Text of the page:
• Aboriginal and Torres Strait Islander people made up 1.9% of the population.
  • 84.6% of people were born in Australia. The next most common countries of birth were England 1.9%, Italy 1.0% and New Zealand 0.7%.
  • 89.0% of people spoke only English at home. Other languages spoken at home included Italian at 1.4%.
  • The most common responses for religion were No Religion 41.7%, Catholic 23.6% and Anglican 12.0%.[11]

Geography and landmarks[edit]

The geographical layout of the city is unusual in that the business district is located at the north-eastern extremity of the urban area, with outlying suburbs extending only to the south and west. The reason for this arrangement is that the area beyond the rivers, to the north and east of the business district, was until the 1990s prone to flooding and so unsuitable for building. Levees were constructed in the 1990s to alleviate the flooding, however development in this area has been slow.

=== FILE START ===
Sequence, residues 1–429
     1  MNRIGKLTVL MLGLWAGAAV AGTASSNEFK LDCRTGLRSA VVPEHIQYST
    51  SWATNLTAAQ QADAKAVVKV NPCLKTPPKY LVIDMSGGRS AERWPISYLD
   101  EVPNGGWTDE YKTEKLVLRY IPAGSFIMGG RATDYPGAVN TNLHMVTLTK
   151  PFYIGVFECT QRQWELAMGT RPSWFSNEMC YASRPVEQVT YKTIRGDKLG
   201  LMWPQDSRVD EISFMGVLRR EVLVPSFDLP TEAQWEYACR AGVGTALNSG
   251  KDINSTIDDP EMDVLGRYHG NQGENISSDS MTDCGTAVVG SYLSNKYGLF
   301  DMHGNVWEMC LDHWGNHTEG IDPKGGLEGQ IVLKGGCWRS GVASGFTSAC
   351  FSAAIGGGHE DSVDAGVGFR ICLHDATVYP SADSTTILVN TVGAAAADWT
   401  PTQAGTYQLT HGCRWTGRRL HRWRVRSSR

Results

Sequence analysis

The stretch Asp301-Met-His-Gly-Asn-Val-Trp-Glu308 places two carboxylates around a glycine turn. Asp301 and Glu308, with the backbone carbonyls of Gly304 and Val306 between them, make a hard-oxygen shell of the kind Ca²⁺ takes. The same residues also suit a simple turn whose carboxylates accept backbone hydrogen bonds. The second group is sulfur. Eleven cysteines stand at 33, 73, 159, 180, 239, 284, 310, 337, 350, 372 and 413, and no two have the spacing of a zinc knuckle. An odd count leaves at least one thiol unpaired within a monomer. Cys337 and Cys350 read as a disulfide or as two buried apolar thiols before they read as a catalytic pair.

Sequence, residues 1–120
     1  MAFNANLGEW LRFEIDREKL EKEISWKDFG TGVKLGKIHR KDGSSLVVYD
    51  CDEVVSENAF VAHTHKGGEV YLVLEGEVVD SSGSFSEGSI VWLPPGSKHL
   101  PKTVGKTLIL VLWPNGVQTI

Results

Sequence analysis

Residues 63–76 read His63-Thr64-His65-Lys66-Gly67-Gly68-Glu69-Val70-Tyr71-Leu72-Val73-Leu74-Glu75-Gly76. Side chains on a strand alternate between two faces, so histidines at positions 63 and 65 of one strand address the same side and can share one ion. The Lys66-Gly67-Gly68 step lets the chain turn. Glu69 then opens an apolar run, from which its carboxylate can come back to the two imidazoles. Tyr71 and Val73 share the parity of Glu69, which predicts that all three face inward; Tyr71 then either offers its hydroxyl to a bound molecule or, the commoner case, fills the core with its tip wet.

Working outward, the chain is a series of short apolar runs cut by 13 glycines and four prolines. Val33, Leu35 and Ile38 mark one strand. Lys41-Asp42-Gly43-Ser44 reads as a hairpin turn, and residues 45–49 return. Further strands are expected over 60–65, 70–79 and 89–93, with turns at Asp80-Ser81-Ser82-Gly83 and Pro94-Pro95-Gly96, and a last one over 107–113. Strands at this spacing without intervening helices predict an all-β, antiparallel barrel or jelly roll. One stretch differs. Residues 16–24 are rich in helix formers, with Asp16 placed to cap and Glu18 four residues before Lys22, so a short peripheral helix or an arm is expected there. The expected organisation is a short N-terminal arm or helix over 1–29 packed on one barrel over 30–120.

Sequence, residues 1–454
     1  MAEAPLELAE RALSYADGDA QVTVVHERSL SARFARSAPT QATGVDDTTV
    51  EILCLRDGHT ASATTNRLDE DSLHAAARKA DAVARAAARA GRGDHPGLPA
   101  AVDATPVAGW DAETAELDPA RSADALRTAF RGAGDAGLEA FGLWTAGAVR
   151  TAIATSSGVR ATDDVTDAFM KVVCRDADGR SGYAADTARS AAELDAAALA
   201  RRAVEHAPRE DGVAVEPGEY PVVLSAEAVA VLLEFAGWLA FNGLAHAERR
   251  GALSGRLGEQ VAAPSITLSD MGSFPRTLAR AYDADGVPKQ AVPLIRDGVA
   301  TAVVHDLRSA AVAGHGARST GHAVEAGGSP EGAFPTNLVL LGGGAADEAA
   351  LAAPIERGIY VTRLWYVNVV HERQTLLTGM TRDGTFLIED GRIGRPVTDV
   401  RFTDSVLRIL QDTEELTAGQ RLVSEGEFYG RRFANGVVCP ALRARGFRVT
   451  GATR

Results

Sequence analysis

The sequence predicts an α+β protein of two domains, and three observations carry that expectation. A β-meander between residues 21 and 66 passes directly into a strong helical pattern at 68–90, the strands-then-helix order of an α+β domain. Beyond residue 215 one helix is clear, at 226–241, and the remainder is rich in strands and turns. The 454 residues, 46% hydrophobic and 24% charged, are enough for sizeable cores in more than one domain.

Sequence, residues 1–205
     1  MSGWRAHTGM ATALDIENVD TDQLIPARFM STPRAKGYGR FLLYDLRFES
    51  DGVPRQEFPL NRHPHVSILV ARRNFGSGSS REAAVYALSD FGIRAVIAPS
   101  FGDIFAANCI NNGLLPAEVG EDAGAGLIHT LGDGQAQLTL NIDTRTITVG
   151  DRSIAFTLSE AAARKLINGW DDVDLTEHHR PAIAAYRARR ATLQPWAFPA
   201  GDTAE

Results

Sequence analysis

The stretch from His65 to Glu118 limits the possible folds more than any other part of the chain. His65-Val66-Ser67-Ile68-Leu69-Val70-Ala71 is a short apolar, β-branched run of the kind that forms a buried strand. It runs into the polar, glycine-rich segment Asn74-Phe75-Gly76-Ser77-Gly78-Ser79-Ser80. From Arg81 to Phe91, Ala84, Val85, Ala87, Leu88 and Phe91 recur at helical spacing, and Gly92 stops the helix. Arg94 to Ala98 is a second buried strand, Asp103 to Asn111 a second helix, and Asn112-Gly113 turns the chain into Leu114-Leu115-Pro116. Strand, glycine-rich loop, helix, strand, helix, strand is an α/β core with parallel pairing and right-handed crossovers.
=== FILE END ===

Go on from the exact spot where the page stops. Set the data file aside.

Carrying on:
Notable buildings include the Holy Trinity Anglican Cathedral and its Cathedral Close, St. Patrick's Catholic Church[12] and the eccentric art déco courthouse.


Since the warmest month mean reaches 22 °C (72 °F), Wangaratta would have a humid subtropical climate (Cfa in the Köppen climate classification).[13] Sleet falls occasionally, but settled snowfalls are a very rare occurrence.

Rain falls as thunderstorms in the summer, and in winter with cold fronts. Occasional severe heat waves are caused by hot, dry air from the central deserts of Australia moving over the area. Temperatures of 40 °C (104 °F) and slightly above occur 2–4 times a year on average; however, heatwaves are often succeeded by cold fronts, which cause a significant drop in the temperature. Wangaratta has cool nights and mornings in the summer, due in part to its western longitude exposing it to cold airmasses off the Southern Ocean. The city gets 105.1 clear days annually, which is akin to Sydney and Wollongong, however the distribution is wildly different; Wangaratta being much sunnier from December to March, but the inverse from May to September.